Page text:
Wednesday, December 21, 2011

Judge Throws Book at the Brooklyn Public Library

It's not every day that a judge paraphrases Mel Brooks in an opinion. But in Rodriguez v. Brooklyn Public Library, Brooklyn Supreme Court Justice Arthur Schack did just that. The decision, handed down on November 29, rejected the Library's claim that it was a New York City agency and entitled to the protections that such agencies enjoy. The suit grew out of a traffic accident in which David Rodriguez was injured; he was a passenger in a car hit by a Library van. Rodriguez's injuries required surgery, and he sued the Library about ten months after the accident. The Library sought to dismiss the lawsuit, claiming that as a municipal corporation it had to receive notice of the lawsuit within ninety days of the accident.

Justice Schack was scathing in his refusal to recognize the Library as a municipal corporation. He seems to have looked at material beyond what was included in the briefs, and cited the following factors: only 62% of the Library's funding comes from the city; it has private insurance; its employees aren't municipal workers. Furthermore, the Library is running a good-sized deficit (over $1,000,000) despite employing a professional fund raiser "who receives more in compensation than every New York State judge, including the Chief Judge." Paraphrasing Mel Brooks's famous line from History of the World: Part I, "It's good to be the king!", Justice Schack wrote, "It's good to be operating a deficit running non-profit, receiving 62% of its revenue from the financially challenged City of New York!" The Daily News's article about the lawsuit characterized the opinion as a "written tongue lashing," and the Brooklyn Daily Eagle's account highlighted Justice Schack's scrutiny of the Library's tax return from 2010, and praised his "witty" decision that included a history of the Library.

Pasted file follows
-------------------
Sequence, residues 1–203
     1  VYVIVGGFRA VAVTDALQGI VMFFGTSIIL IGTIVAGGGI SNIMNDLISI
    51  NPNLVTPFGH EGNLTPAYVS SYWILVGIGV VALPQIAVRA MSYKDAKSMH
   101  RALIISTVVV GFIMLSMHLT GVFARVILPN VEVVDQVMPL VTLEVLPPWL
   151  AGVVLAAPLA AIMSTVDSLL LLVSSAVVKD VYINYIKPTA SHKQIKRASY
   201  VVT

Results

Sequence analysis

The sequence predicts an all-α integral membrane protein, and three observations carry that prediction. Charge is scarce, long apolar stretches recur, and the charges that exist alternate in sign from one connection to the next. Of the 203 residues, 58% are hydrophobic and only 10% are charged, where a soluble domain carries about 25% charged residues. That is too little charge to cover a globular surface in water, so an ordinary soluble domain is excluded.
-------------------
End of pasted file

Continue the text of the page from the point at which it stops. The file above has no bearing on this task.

The photo accompanying this blog post shows the impressive main doors at the central branch of the Brooklyn Public Library at Grand Army Plaza.

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